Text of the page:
Fosse had an addiction problem. I try to bring that out in the book. I think creatives tend to have that element in them, if they're any good. We're addicts. It's sad but true. A behavioral psychologist who is a professor at USC read my book and said he wants to give it to his addict students. There is a thing... How do you find a self without your addiction? For me it was finding a voice without dance.

I wrote down that the message of your book is learning to love yourself and taking your place in the world via the arts, first as a dancer and lastly, as an actor. In the Forward, you tie them in so well, when you say that ballet is poetry in motion. "I couldn't live without it." Later you add, "how will I ever get poetry back in my life?"

SP: I had that in my journal. Ballet is a hard icky sticky world but it does have poetry. Then when I took a job as a secretary, I couldn't do anything. My dad thought I was kind of an idiot. My dad was really more of an atheist than Jewish, but in Jewish families, education is everything. Being a baller dancer is really not what they do. But I was weird and we had a little bit of a weird family.

Why did you write the book? For many an autobiography is a catharsis, but I think it's more than that for you. Sum up the various lessons you have learned that have brought you to this current state of bliss.

SP: For me it was to find my particular sensitivity to what had happened to me, in another craft. I always use that sensitivity in the characters that I like to play, particularly in Tennessee Williams...and Pinter. It was a way of creating one full thing that was my own. It was mine. It came directly from my experience. I like to filter that sensitivity into roles that I am capable of playing. I did do Lorraine Sheldon in The Man Who Came to Dinner, which is completely broad and bombastic, but I learned how to use my strength and my kind of witchiness and brought that to it.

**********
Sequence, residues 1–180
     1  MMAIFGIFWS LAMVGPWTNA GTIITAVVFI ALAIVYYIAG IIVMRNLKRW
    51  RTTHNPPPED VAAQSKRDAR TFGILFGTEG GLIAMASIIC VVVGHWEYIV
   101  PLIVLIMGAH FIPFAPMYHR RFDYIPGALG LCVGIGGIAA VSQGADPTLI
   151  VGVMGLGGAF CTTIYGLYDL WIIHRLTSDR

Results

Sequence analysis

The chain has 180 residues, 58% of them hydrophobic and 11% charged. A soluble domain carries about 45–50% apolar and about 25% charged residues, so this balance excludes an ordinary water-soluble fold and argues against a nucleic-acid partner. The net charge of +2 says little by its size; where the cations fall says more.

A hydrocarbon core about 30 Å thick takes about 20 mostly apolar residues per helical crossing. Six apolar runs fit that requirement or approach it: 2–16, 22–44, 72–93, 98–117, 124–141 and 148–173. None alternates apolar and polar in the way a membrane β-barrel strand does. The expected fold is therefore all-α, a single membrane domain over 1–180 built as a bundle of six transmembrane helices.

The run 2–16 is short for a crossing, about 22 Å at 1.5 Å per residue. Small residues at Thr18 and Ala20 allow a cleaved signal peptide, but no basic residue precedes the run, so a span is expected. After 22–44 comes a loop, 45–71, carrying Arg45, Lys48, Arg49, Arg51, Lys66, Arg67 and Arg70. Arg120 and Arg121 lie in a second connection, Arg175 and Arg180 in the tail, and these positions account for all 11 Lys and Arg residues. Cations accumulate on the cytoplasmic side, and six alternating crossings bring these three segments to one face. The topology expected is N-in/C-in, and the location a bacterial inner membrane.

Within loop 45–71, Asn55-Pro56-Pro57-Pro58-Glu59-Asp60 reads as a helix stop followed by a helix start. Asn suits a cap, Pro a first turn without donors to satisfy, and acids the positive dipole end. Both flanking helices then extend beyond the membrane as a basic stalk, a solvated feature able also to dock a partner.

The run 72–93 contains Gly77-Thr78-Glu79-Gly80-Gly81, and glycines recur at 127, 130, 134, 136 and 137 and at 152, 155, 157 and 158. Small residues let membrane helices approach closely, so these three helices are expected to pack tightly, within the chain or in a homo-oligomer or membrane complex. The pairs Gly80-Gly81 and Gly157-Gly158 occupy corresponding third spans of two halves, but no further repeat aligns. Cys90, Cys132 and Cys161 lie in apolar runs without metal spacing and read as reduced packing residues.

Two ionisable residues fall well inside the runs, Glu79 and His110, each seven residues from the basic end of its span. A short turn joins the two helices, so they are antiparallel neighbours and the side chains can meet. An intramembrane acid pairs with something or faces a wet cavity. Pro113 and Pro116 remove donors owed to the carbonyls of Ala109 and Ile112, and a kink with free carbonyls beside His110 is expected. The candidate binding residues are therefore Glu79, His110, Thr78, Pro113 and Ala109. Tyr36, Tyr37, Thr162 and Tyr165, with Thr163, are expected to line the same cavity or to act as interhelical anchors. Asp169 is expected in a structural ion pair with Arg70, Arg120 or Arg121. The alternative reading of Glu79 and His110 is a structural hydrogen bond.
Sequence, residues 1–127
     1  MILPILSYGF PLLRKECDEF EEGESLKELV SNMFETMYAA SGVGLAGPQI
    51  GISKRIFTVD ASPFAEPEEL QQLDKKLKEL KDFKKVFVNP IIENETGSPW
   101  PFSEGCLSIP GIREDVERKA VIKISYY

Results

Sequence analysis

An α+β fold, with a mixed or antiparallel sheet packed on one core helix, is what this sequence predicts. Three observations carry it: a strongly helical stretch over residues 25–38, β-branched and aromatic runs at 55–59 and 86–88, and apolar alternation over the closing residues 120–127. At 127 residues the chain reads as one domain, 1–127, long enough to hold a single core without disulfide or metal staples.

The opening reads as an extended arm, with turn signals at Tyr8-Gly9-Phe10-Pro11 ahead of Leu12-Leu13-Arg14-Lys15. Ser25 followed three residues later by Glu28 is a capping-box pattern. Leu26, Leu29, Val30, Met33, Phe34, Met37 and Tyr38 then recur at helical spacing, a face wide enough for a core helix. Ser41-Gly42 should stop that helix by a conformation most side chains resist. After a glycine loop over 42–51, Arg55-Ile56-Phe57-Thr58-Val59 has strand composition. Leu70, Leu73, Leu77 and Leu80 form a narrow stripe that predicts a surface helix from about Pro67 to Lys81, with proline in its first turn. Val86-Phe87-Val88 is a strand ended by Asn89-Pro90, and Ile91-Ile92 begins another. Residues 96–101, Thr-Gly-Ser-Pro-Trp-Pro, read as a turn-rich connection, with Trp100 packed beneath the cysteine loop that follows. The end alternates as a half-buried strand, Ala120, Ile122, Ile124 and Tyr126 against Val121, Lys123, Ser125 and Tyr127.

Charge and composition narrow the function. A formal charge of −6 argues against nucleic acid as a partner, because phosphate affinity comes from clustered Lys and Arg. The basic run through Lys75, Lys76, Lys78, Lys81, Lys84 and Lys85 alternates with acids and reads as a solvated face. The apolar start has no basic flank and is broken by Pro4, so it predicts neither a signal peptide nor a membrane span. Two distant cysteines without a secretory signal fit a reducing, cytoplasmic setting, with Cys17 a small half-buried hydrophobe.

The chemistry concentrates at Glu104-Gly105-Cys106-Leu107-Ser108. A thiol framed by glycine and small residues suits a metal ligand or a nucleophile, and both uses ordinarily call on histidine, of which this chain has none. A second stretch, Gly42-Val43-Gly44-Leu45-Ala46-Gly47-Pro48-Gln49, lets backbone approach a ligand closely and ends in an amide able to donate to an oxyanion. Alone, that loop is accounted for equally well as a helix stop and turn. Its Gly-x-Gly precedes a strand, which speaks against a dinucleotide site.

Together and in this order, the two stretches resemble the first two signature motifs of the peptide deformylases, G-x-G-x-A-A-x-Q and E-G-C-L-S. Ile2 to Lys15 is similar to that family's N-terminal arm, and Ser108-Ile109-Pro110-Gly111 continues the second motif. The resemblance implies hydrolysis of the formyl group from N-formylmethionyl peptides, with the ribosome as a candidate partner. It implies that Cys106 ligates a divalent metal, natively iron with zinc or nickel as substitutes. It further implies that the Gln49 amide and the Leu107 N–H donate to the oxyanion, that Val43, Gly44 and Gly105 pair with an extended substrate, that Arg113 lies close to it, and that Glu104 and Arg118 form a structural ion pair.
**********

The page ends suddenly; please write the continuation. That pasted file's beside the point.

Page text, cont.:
So having the experience of doing Blanche in Streetcar and writing this book that has pure emotions in it, pure thoughts in it...I had to shape everything and make it into a craft. I did have an editor, and it's crafted.

I'm also a yoga teacher, and I love teaching.You're giving back. As actors we take people into another world. All people are attracted to storytelling. I'm attracted to storytelling through playwrights. Everybody has a story. It's putting it together and contextualizing why does this relate to this and that. I had to work out my life, that I really didn't have to be a doormat and be used by men like Gregory, a dark passionate Russian who was also an alcoholic. I also had to work out that not everybody hated me and wanted to hurt me as he did. And...to gain confidence, because when I stopped dancing, I had zero confidence, and that's why I attracted certain kinds of men in my life.

Dancers do exactly what they're told to do. It's manipulation and unless somebody gives them a backbone...and my parents were not really bad people. I just didn't listen to that. And as far as drug addiction is concerned, I had to say loud. "You did this to yourself. You are going to have to dig yourself out of it." You cannot isolate yourself. I isolated myself because I was afraid. You learn from your failures. I became a strong human being. I am a survivor, and I hope that the book will help people to realize that you don't have to join a cult or take antidepressants. You have to dig down and embrace your darkness, embrace the things that make us human that will allow you to rise above that. The dance world taught perfection, Hollywood taught having your face lifted to be beautiful...
no, it's what comes out of you: that's what you look like.

There will be signings of Dance Interrupted

on April 13th at Book Soup, Hollywood with John Fleck---Q and A

and on April 27th at Vroman's, Pasadena with Lian Dolan---Q and A

These events are subject to change depending on the state of the Corona Virus.

Go to:  www.susanpriver.com

Updates will be posted.


Heather Lipson Bell

Heather Lipson Bell

Heather Lipson Bell is a genuine Los Angeles hyphenate; dancer, choreographer, actress, educator and entrepreneur.  She has carved out a successful career by following her heart and soul, connecting experiences and collaborators and weaving them together to create a tapestry of creativity, artistry, education, altruism and family.